Wash trading rampant on LooksRare
- Wash trading is where the same person buys and sells the same instrument at the same time
- A very small group of users is carrying out trades worth hundreds of thousands on LooksRare
- The higher the trading volume, the bigger the reward for the trader
LooksRare debuted as an Opensea competitor to reckon with on Jan. 10. On the second day of trading, its daily trade volumes were more than double Opensea’s. However, a large part of that is attributed to wash traders.
What is wash trading?
Wash trading is where the same person buys and sells the same instrument at the same time. This results in artificially high trading volume and price manipulation. Wash trading also exists on traditional markets and has been illegal in the United States since 1936. That doesn’t mean it doesn’t happen: many remember the wash trading scandal around the manipulation of LIBOR in 2012.
Regulators and exchanges monitor wash trading very carefully, but it has found its way in the unregulated crypto space, particularly NFT marketplaces.
LooksRare underestimated the risk
While LooksRare foresaw the risk of wash trading that could arise due to appealing trading rewards, they didn’t think there would be an incentive for it because of prohibitively high platform and royalty fees. However, they were wrong.
Daily transactions on LooksRare are less than 3% of those on OpenSea, but the volumes are three, even four times higher. This means a very small group of users is carrying out trades worth hundreds of thousands.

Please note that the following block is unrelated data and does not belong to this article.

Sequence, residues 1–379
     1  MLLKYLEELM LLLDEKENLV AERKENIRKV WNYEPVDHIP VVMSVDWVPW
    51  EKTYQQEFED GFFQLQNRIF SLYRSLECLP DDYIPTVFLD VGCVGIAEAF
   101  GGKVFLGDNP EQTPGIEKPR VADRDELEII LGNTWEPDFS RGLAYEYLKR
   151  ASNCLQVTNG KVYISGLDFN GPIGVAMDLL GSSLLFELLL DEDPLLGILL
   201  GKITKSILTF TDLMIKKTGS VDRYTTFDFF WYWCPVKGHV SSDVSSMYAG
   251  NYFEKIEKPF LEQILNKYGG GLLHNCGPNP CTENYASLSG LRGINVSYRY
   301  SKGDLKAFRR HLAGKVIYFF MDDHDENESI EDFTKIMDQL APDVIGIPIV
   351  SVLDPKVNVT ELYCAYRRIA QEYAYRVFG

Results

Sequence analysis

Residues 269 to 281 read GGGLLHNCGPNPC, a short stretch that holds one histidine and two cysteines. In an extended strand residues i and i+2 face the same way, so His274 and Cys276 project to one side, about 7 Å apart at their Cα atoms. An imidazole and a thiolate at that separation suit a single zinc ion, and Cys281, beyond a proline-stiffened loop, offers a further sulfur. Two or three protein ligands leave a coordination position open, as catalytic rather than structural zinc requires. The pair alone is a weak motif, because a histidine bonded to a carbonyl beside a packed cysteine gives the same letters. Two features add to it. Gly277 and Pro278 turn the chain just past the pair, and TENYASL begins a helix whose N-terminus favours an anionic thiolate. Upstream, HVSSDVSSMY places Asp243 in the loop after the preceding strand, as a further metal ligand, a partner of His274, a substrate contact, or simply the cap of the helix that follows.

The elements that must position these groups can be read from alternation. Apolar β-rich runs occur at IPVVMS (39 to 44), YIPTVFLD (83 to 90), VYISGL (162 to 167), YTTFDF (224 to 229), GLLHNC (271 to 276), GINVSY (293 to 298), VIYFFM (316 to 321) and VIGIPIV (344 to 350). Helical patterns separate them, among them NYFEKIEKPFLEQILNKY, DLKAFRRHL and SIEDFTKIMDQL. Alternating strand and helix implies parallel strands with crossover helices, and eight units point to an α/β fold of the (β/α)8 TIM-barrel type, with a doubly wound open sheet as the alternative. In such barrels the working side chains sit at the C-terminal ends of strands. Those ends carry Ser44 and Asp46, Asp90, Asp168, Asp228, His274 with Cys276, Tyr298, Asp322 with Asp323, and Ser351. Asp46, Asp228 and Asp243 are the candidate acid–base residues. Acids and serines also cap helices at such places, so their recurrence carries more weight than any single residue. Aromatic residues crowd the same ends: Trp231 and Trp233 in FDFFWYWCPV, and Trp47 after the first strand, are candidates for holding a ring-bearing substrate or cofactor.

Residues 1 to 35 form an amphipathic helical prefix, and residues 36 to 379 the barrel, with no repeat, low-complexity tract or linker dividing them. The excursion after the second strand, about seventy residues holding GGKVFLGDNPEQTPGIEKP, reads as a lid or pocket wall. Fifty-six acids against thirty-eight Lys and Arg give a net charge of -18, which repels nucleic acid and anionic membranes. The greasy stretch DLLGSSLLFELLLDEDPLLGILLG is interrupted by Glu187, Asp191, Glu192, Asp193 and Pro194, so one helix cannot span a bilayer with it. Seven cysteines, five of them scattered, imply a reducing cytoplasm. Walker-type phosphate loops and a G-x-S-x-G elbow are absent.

The incentive for wash trading
The higher the trading volume, the bigger the reward for the trader. This mechanism creates major incentives for wash trading in large volumes.
Two wallets traded $90M+ on one day
January 19 was the biggest LooksRare single-day trade volume. Two wallets traded more than $90 million on that date. Proof of wash trading is back and forth trade between these two wallets.
What’s more, wash traders receive the majority of trading rewards on LooksRare. This tendency mirrors one we’ve long recognized in the real world: a vast amount of wealth concentrated in the hands of a few. In every event, this seems to misalign with “by NFT people, for NFT people,” which the marketplace claims is its philosophy.
Considering that the lion’s share of the profit goes to a few traders, sharing the profit within the community seems to have been a failure, at least so far.
When it comes to users and non-zero royalty NFT trade volumes, LooksRare still has a long way to go before it catches up with OpenSea. On February 10, the trading reward will be cut in half in Phase B. This will surely change the dynamic.